Instagram's real appeal is the closed nature of its product—the fact that it's walled off by default, with no open browsing of user photos by just anyone, and before its Android release, built a brand off of being iPhone only, private, and that thing that a select few used to take photos on their phone and then, for fear that no one would see it, pushed it over to Twitter, Facebook, Tumblr, Flickr, or anywhere else that people actually hang out. Aside from design and marketing, there's little that makes the app special to this writer. (Your view may differ, and if so, that's cool. You should use Instagram!)
SteamZoo has long been touted as a great—if not better-alternative to Instagram, partially because of the way it turns editing and sharing your photos into more of a social game that's addictive to play. You can earn badges—much like FourSquare—for sharing photos, adding effects and borders, or even for taking pictures of specific subjects, like your dog or your dinner. Whether you encourage the behavior or not, StreamZoo is a pretty addictive app to use.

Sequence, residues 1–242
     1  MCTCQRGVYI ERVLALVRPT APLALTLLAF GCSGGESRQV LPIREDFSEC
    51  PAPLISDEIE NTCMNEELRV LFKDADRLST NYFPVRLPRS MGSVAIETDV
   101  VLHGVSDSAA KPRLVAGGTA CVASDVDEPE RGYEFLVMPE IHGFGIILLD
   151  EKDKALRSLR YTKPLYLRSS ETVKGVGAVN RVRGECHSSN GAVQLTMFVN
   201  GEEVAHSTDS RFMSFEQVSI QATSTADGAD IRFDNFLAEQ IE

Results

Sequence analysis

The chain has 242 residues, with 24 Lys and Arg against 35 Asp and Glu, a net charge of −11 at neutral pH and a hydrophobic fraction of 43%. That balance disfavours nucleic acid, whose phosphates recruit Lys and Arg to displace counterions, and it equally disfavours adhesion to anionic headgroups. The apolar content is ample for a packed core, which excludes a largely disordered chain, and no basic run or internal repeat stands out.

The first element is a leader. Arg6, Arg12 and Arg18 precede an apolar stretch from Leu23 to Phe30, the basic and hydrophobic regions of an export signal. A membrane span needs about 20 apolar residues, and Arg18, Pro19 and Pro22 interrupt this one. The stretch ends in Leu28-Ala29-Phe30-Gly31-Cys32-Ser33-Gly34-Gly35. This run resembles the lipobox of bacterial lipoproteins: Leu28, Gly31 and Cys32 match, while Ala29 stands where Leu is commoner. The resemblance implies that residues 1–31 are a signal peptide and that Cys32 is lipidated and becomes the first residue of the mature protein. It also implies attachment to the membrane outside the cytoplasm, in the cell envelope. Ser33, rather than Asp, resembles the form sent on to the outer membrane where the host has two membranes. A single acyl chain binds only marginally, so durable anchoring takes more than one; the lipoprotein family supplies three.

If you want to make your photos look great, there’s no app that I’d recommend more than Snapseed. Yes, the app has a bunch of vintage filters if you’re into that sort of thing, but there are so many ways you can edit your photos using Snapseed beyond mere filters. Selective Adjustments are a key feature that really separate Snapseed from competitors because it allows you to take complete control of your photos. There are even OS X and Windows versions of the app so you can use it on your preferred platform. Don’t let the $4.99 price tag scare you away because Snapseed for iPhone or iPad is worth every penny.